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2017 Cadillac CT6 (General Motors)
2017 Cadillac CT6 (General Motors)

Gadgets

Ten unique features offered by only one auto maker Add to ...

Most auto makers have something that sets them apart from other manufacturers, but what are some of the unique features found in only their cars? Here are 10 of our favourites.

Cadillac’s video rear-view mirror

In the flagship CT6 sedan, the rear-view mirror functions as an ordinary mirror until you flip it back, as you would to dim it. That’s when it switches to a high-definition video mirror, showing a wide-angle image from a camera on the trunk lid, separate from the backup camera. It takes a little getting used to, but there’s no blind spot.

Nissan’s separated rear storage

The rear storage compartment of the Nissan Rogue SUV can be configured in multiple ways with a separating divide. This way, wet or dirty things, such as soccer cleats, can be kept apart from clean things, such as food or your sweater.

BMW’s gesture control

A camera beneath the rear-view mirror of the BMW 7 Series picks up movement, and recognizes certain hand gestures beneath it. Point at the radio with two fingers and the sound will be muted; twirl your fingers clockwise or counterclockwise and the volume will increase or decrease accordingly.

Mercedes-Benz’s split video screenThe central display screen in many Mercedes is designed to show one image to the driver and another to the passenger. Pixels are aligned in alternating rows, and a mask on the screen divides the two images. This way, for example, the passenger can watch a movie while the driver sees only the navigation screen.

Dodge’s red and black keys

On the 707-horsepower Hellcat editions of the Challenger and Charger, there’s a red key and a black key: The red key allows unrestricted performance and the black key – the one you give your friends or your spouse – cuts horsepower to “just” 500. There’s also an electronic valet mode that cuts horsepower further to 300 and 4,000 rpm, and locks out first gear.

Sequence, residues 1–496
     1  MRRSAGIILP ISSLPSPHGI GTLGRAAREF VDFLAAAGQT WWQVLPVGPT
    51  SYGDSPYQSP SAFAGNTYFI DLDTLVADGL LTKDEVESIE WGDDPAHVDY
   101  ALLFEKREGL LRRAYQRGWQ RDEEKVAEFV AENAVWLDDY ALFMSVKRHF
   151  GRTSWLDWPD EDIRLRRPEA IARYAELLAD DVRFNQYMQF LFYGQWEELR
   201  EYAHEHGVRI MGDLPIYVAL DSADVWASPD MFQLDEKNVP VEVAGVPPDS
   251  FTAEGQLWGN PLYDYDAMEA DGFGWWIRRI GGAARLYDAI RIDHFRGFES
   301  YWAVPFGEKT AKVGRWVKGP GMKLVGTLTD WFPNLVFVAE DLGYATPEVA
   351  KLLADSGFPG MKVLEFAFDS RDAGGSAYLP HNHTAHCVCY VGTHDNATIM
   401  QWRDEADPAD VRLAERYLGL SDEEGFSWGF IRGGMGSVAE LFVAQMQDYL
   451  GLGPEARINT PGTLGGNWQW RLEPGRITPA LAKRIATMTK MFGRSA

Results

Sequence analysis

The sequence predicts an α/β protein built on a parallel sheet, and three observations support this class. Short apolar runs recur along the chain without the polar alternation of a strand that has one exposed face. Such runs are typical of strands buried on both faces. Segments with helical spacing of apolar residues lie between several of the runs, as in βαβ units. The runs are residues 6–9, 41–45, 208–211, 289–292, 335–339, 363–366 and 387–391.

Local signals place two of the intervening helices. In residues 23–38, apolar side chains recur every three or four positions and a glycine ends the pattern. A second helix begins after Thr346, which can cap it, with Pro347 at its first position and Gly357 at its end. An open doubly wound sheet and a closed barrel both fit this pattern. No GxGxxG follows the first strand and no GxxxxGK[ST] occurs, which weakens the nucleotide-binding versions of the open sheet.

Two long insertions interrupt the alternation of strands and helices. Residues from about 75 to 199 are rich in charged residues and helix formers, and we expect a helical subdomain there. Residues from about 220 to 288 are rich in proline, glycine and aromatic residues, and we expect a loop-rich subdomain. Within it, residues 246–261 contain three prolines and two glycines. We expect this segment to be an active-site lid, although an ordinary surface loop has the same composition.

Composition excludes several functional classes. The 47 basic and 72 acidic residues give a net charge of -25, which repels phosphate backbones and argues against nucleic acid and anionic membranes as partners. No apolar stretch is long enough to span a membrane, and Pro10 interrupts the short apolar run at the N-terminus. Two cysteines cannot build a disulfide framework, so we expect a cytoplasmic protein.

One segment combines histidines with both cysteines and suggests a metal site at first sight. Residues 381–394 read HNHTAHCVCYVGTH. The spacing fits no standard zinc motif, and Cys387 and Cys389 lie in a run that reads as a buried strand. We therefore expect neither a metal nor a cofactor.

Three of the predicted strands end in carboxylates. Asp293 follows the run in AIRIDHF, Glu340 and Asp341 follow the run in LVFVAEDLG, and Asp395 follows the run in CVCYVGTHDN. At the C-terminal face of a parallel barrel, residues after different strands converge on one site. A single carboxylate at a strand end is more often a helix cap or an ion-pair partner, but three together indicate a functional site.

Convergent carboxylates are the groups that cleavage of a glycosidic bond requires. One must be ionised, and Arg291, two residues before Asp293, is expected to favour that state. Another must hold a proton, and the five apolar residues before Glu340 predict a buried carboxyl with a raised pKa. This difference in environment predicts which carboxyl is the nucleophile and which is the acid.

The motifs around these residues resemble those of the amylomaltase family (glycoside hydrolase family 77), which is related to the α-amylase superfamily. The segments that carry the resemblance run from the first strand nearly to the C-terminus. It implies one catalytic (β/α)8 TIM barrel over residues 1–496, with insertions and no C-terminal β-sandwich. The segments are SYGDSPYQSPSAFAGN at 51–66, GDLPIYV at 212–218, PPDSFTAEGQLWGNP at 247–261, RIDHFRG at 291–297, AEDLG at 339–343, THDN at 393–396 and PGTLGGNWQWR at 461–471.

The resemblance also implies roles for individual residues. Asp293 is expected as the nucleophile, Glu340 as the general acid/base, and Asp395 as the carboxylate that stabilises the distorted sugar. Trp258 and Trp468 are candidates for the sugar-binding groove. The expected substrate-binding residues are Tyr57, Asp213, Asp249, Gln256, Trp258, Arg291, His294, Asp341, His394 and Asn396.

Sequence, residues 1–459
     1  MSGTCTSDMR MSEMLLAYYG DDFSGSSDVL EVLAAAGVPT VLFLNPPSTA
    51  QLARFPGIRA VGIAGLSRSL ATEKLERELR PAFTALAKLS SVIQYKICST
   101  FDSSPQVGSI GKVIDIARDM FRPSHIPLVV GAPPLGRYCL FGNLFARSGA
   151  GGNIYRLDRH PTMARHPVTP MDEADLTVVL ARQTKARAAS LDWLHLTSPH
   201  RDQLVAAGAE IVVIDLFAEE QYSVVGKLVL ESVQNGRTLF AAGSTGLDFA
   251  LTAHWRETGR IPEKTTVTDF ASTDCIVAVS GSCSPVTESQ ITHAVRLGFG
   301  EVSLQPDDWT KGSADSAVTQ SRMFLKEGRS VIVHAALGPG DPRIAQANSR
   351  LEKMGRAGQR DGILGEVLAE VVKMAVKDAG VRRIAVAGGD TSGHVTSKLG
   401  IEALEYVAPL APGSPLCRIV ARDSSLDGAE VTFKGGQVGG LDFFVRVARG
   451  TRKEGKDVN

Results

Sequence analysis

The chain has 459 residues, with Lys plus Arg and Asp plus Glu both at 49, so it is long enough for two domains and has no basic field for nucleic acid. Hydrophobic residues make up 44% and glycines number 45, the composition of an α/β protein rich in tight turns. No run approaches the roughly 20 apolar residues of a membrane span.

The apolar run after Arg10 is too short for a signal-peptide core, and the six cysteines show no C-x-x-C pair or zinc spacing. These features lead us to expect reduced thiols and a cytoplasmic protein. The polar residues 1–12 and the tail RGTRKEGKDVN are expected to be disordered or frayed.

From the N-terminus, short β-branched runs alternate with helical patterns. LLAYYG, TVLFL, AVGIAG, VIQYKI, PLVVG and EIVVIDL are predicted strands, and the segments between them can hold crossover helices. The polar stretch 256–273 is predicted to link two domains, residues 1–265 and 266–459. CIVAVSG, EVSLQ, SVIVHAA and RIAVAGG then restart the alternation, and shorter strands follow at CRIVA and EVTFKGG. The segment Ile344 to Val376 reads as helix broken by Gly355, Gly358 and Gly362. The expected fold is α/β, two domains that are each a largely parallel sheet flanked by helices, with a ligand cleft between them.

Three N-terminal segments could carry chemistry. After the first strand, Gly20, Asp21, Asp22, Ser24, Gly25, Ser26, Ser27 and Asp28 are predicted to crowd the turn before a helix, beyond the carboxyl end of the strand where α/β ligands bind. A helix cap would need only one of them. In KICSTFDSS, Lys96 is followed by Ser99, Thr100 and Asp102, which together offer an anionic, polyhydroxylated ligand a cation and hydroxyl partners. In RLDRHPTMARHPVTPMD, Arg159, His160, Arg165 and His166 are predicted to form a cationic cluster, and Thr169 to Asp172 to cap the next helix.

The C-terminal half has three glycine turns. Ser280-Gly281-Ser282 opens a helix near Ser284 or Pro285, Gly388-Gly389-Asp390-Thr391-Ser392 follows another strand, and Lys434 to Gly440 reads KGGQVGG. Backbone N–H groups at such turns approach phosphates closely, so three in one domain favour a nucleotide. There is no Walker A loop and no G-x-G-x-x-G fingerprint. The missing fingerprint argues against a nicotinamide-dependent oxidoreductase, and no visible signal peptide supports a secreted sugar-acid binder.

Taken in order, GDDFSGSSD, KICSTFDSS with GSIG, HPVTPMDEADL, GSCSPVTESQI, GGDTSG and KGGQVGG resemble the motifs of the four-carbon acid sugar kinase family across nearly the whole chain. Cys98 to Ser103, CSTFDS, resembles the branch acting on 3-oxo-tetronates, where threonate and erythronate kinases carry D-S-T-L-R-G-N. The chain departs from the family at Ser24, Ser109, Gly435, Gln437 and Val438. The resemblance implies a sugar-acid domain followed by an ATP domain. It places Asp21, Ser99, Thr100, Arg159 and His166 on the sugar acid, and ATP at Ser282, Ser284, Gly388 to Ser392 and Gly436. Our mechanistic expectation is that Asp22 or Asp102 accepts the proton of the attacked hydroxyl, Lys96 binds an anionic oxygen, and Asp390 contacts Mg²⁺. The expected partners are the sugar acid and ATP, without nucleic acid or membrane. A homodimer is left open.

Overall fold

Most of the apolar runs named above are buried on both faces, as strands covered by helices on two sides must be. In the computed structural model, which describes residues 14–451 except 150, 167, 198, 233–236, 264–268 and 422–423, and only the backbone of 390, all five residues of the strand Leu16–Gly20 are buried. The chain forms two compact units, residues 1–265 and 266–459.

Audi’s virtual cockpit

It’s a popular optional extra that turns the dashboard in front of the steering wheel into a video display, featuring customizable gauges and readouts and even a full-width navigation screen.

Mazda’s G-vectoring

You probably won’t even notice it, but some Mazdas have software that uses pressure from the engine to govern the individual shock absorbers around corners. It means less wavering of the steering wheel even on a straight road, and a smoother ride.

Porsche’s cellphone-signal optimizerPlace your cellphone in the central armrest of your new Porsche and not only will it charge wirelessly, it will connect automatically to an antenna near the headlights, where the cell signal will be stronger.

Honda’s farside video

Flick on the indicator of your Honda Accord to turn right while driving, and the central display screen will show an image of the right side of your car. This way, you’ll see any vehicle otherwise hidden in your mirror’s blind spot and, more important, any bicycles and scooters coming alongside in city traffic.

Lincoln’s split thigh support

The 30-way adjustable front seats of the new Lincoln Continental are split in the front centre to provide individual support for each of your thighs. Want to lift that left leg a little higher than the right? Only Lincoln will actually help you do it.

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